So far, it’s business as usual in the ski mecca of Telluride.
The tiny village of 2,200 is nestled in an idyllic box canyon in the San Juan Mountains of southwest Colorado.
But there’s a storm gathering over Telluride, and it’s not the kind that will bring in more tourists seeking fresh-packed powder. The darkening clouds come from the recession, which threatens to keep skiers from the remote area. For a town that relies so heavily on tourist dollars, that could mean disaster. The future just isn’t as clear as it used to be.
“We’re in limbo here,” said Jesse DiFiore, 32, of Telluride Properties, a local real estate firm.
Difiore’s glass-walled office looks out at the top end of chairlift No. 1. He watches several empty seats pass by his window before a skier finally appears. He shakes his head.
Sitting by a roaring fireplace in the rustic lobby of the Inn at Lost Creek, John Volponi, 48, discussed the economics of running a hotel during a recession. Volponi took over as general manager of the boutique hotel last August.
“Sure, business has slowed a bit,” Volponi said. “People are booking rooms at the last minute, shopping for good rates, but they’re still coming.”
Throughout the rest of the ski season, Volponi expects to maintain a high occupancy rate. He has made a few adjustments to guest packages to ensure this, including one offering “no frills.”
“People want options right now, and the only way to please the people is to give them what they want,” Volponi said.
Telluride’s historic Colorado Avenue, the city’s main street, boasts countless high-end stores, spas and chic restaurants. According to the locals, these places are holding their own.
“The airlines are offering great rates to get here,” said Amber Schmid, a sales associate at Overland Sheepskin and Leather. “The people are still coming in, but maybe they just don’t buy as much as before.”
Telluride has long been hailed as one of the ultimate playgrounds of the rich. Celebrities such as Tom Cruise, Oprah Winfrey and Ralph Lauren have all owned homes in the area. Seven- and eight-figure price tags for property are not uncommon.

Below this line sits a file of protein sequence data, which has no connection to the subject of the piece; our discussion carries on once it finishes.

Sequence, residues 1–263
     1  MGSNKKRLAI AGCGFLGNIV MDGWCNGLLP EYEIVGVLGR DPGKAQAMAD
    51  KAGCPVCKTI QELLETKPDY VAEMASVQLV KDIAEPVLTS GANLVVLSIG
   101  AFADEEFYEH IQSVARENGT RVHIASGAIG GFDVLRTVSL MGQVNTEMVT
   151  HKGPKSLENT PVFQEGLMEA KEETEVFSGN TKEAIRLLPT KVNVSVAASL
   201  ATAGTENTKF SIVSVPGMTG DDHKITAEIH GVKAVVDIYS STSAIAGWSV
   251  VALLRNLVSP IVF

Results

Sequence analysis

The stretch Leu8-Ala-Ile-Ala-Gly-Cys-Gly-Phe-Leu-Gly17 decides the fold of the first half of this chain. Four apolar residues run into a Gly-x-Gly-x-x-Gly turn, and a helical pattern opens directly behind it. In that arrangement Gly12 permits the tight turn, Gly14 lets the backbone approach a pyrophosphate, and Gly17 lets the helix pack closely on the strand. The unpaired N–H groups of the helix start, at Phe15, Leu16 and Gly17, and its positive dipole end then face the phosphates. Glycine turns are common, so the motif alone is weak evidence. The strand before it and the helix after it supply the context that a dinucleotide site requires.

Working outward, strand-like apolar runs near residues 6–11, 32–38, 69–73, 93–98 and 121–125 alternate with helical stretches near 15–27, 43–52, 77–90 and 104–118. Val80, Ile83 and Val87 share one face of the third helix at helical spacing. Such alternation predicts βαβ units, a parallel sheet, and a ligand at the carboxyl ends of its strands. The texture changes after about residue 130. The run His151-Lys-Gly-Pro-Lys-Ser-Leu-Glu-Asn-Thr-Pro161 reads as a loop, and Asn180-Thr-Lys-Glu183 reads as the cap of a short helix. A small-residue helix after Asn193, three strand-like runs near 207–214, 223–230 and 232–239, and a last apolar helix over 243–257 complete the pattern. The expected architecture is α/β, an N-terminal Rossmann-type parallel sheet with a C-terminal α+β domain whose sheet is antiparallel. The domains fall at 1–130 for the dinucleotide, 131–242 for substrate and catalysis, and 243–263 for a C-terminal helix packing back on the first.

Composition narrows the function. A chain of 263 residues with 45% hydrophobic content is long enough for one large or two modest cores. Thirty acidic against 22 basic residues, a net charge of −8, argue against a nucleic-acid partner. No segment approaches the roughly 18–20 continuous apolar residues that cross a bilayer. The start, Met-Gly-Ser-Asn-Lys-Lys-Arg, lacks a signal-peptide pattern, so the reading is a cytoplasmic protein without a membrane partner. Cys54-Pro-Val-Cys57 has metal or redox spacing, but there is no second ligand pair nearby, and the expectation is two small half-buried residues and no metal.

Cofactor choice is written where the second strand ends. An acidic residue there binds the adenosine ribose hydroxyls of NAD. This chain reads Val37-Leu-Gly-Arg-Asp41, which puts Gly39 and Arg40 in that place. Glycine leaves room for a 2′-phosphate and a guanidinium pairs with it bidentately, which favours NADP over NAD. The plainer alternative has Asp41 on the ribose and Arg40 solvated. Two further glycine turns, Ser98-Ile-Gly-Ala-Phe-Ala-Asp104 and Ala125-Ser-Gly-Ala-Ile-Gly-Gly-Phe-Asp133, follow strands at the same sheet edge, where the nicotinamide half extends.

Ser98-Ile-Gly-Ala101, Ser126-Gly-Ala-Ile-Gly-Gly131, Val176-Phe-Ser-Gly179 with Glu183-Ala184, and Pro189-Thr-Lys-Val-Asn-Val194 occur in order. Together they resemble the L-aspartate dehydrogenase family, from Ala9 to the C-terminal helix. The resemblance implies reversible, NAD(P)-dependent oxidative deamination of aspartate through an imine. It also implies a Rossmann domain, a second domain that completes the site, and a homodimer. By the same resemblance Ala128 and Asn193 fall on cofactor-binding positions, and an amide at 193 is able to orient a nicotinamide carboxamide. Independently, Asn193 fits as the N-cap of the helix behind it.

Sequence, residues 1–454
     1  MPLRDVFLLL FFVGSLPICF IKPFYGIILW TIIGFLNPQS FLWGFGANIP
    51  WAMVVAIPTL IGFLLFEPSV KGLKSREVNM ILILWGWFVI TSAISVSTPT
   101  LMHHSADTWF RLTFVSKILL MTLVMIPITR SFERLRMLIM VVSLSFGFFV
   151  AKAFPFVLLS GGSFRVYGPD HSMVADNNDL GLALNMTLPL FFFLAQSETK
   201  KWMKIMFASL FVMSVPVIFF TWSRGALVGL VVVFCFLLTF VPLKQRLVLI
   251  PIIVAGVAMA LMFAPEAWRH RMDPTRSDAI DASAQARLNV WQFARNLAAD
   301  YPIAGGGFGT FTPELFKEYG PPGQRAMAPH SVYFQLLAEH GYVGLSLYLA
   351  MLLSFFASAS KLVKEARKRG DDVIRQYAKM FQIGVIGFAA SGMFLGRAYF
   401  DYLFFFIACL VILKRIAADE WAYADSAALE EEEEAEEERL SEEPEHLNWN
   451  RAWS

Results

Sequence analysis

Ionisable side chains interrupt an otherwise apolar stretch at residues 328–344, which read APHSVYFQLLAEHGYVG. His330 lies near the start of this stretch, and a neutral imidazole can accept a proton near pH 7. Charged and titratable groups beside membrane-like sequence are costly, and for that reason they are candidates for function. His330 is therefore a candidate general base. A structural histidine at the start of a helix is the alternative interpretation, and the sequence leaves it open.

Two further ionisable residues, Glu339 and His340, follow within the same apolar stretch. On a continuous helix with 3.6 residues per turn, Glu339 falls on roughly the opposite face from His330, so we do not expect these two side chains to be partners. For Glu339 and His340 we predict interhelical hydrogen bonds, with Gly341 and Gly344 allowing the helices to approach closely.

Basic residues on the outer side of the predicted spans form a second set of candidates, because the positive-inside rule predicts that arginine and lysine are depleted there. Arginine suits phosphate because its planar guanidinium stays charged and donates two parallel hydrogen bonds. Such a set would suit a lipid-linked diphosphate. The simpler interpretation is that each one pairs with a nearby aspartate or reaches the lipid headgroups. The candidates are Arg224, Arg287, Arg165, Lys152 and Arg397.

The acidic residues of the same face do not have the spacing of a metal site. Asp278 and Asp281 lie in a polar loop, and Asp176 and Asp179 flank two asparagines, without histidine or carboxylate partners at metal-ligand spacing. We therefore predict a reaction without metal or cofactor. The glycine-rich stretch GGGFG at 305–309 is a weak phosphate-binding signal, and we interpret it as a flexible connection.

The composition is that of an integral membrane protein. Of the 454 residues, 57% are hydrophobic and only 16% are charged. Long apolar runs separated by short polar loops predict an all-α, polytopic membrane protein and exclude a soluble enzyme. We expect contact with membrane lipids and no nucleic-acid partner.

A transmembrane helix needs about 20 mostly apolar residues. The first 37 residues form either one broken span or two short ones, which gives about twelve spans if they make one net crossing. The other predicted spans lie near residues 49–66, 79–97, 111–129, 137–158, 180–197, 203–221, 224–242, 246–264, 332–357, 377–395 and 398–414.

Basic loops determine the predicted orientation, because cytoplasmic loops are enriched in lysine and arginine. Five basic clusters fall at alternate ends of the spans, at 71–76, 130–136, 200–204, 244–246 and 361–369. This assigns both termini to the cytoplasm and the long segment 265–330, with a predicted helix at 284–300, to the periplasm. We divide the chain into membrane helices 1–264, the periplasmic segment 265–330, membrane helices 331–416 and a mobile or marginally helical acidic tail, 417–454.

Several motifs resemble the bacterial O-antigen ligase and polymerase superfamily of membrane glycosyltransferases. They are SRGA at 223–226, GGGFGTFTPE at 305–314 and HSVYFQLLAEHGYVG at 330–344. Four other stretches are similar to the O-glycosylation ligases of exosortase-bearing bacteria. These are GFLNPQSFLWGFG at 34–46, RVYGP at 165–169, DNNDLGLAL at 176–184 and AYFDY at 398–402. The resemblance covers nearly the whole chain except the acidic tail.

In fact, the last banking crisis the area suffered occurred in 1889 when Butch Cassidy made off with $21,000 from the San Miguel Valley Bank.
But as the economy continues to plummet like a rookie skier on an expert slope, the recession threatens to descend upon Telluride.
On January 6th, 2009, Telluride mayor Stu Fraser delivered his semi-annual “State of the Town” address. His assessment and forecast is not quite as rosy as that of the people who elected him.
“We enter 2009 with a financial reality check facing us,” Fraser said. “Our revenue flow, quite simply, comes from the people who visit our town and spend money here. Without them, we are a town without a strong revenue base.”
Many public works projects have been postponed through 2010. Adding further stress to the fragile economy is the fact that Colorado Avenue must be torn up to repair water and sewage lines. The state gave a grant to Telluride for this purpose, but with the mandate that the money be used before the end of 2009. Foot and car traffic will be diverted and the shops with the highest rents will have the most difficulty attracting customers.
Incredible wealth is one of the main factors keeping Telluride afloat during one of the worst recessions in the last fifty years, according to DiFiore.
“It’s really interesting. We have a very affluent clientele here,” DiFiore said. “They have liquid assets, and this allows them to keep coming back in spite of the economy.”
While these wealthy tourists may keep coming back, fewer of them are inclined to purchase real estate in the current economy. The month of January 2005 saw 76 sales in Telluride, totaling $51.4 million. January 2009 had just 12 sales amounting to $16 million.
“We’re seeing a couple of reasons for this,” DiFiore said. “Buyers are waiting on the sidelines for the prices to come down, and potential sellers have the wealth to weather the storm until the economy bounces back.”
As the stalemate continues, the storm clouds over Telluride continue to darken.